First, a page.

The Ninth Alexandria Heritage Week recently held the by the Alexandrian Studies Centre featured a lecture on “Alexandria in the Eyes of the Travellers” by Islam Assem at Alexandria’s Museum of Fine Arts. The lecture was held under the auspices of the Memory of Modern Egypt project at the Bibliotheca Alexandrina, and focused on the exhibition currently held at the museum, under the title “Khabee’a”, literally, Trove.
Dr Assem explained that the ‘trove’ was a collection of old paintings that were discovered in the basement of the museum; with them was a label that said: Scenes of Alexandria. A first exhibition was held last July displaying part of the trove; the current exhibition shows an additional 42 paintings.
The two oldest paintings in the collection, which dates back to the 18th century, are maps of Alexandria that include a key at the bottom in Latin. Keys usually went missing in most maps, Dr Assem said, so these two would be especially beneficial for researchers. One of the maps, he said, showed a fort that faced Qaitbay Castle. The ancient Alexandria lighthouse, the Pharos, featured in an 18th-century painting.
Also dating back to the 18th-century, Dr Assem said, was a photograph of Ras al-Tin Palace, the royal palace in Alexandria. The photo is the oldest known in Egypt and Africa, he said. He explained that it was shot by an artist who came to Muhammad Ali Pasha, Egypt’s Ottoman Viceroy during 1805 – 1849, with the first camera in response to the Viceroy’s request that anyone who had a modern ‘machine’ should bring it over to him.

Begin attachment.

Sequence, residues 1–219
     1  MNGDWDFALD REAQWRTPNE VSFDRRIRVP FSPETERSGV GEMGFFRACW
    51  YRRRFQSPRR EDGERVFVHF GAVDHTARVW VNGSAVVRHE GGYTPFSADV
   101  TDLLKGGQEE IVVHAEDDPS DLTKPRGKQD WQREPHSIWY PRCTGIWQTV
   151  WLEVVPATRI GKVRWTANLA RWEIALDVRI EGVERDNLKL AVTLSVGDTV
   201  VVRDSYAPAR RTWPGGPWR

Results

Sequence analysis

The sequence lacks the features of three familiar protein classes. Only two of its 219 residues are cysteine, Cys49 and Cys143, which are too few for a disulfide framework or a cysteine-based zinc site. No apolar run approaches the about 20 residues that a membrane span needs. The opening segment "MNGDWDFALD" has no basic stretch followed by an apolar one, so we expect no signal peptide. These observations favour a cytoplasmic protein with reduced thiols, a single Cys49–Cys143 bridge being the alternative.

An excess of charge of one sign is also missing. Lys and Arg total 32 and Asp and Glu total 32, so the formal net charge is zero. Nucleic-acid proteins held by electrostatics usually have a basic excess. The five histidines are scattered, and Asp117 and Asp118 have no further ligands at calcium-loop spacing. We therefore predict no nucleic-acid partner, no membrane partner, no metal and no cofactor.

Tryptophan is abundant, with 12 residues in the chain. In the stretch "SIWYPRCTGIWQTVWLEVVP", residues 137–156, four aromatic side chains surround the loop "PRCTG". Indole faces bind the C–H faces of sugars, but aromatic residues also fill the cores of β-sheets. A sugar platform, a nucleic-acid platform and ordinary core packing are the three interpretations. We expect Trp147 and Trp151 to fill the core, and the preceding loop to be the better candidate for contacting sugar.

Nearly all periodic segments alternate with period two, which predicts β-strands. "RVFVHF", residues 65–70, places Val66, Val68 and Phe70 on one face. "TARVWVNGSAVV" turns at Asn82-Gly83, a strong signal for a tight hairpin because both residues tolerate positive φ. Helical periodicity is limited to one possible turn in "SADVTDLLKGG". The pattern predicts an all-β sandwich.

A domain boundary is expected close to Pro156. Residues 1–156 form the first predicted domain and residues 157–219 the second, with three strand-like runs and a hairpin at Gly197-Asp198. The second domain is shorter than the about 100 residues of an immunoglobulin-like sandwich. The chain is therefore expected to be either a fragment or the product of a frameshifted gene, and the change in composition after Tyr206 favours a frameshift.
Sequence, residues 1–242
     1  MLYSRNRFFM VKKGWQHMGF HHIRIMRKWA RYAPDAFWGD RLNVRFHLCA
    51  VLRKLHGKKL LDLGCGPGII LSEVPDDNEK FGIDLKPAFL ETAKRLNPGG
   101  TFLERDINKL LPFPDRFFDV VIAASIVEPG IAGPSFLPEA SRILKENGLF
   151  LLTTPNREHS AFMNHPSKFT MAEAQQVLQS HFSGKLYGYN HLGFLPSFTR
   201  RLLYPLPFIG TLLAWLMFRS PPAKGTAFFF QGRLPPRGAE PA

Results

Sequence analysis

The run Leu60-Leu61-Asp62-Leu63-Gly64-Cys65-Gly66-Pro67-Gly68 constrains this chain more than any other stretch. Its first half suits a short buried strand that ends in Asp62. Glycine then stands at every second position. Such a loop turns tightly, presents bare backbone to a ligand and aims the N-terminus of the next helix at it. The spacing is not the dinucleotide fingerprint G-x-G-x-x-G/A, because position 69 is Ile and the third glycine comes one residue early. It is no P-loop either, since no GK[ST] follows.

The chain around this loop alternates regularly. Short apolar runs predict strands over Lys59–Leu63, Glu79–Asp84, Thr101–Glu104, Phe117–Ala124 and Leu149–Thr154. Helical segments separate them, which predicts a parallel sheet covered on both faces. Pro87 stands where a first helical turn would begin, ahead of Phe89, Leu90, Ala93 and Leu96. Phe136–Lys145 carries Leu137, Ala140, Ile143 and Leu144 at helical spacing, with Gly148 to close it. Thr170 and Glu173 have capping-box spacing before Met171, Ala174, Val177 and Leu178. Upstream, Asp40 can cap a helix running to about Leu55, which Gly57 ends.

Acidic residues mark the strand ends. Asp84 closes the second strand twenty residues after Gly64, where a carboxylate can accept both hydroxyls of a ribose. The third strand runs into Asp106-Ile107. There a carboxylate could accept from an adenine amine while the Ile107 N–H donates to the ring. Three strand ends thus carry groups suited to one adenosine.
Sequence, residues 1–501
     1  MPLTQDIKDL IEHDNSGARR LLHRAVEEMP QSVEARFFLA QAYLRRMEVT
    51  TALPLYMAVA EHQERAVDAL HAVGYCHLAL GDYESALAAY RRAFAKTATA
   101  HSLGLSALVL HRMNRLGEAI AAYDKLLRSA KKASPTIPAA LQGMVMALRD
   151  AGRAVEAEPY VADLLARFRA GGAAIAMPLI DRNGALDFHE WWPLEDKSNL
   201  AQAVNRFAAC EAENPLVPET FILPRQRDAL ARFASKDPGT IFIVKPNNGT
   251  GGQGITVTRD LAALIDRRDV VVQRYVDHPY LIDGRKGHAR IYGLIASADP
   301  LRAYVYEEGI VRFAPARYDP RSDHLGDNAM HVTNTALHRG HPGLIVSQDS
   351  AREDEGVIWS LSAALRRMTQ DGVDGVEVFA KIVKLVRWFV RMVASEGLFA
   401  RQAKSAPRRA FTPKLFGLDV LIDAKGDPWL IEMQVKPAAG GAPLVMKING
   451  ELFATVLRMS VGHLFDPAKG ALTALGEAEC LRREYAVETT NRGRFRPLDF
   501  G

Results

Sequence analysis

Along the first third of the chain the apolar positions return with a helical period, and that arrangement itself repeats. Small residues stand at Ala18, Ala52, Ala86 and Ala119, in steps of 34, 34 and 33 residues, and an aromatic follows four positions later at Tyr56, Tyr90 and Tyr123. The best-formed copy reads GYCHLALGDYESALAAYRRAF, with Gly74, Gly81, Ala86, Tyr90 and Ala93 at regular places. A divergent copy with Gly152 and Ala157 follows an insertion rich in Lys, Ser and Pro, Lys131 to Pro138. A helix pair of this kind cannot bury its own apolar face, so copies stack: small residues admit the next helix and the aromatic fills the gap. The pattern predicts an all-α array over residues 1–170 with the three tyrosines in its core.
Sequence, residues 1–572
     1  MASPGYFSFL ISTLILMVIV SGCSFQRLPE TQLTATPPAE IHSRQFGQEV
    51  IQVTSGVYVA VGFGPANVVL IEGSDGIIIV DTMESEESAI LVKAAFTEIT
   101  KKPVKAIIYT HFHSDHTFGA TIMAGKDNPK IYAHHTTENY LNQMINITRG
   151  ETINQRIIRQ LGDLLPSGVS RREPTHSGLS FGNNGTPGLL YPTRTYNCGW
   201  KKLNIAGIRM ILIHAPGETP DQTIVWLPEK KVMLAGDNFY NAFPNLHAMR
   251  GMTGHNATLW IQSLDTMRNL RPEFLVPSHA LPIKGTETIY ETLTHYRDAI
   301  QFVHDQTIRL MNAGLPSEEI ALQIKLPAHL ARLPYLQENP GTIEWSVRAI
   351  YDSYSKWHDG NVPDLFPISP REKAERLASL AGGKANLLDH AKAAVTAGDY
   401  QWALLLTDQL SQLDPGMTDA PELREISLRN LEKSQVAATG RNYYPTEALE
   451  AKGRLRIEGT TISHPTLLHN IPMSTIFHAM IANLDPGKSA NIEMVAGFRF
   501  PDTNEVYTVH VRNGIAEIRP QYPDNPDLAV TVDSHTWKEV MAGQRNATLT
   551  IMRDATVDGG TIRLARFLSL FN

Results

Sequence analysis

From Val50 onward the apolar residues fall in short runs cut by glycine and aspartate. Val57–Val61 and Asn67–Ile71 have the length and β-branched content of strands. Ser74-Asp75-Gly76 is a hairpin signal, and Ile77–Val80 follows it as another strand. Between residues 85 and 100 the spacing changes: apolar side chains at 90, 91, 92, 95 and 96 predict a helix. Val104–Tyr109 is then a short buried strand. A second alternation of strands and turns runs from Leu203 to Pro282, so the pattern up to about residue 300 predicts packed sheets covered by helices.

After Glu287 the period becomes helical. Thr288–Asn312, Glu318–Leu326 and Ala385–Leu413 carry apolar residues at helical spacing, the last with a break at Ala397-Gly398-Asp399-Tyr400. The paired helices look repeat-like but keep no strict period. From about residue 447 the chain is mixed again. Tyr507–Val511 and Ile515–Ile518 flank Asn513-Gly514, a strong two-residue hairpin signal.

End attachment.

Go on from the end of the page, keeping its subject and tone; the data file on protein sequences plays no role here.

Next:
Among the paintings found was a one depicting Napoleon Bonaparte inside the Great Pyramid, the walls of Alexandria and the city’s famous Pompey’s Pillar which always featured on travellers’ paintings.
Dr Assem explained that many of the paintings depicted significant figures. Among them was one of Abbas I who ruled Egypt from 1848 to 1854, and Soliman Pasha, a French-born Egyptian military commander under Muahammad Ali.
There is also a photo of Nabi Danial Mosque, a heritage building in Alexandria. Among the paintings discovered, Dr Assem said, were several by the pioneering David Robert who painted scenes of Egypt never before depicted; they were characterised by bright colours, as if drawn just a short while ago.
20 November 2018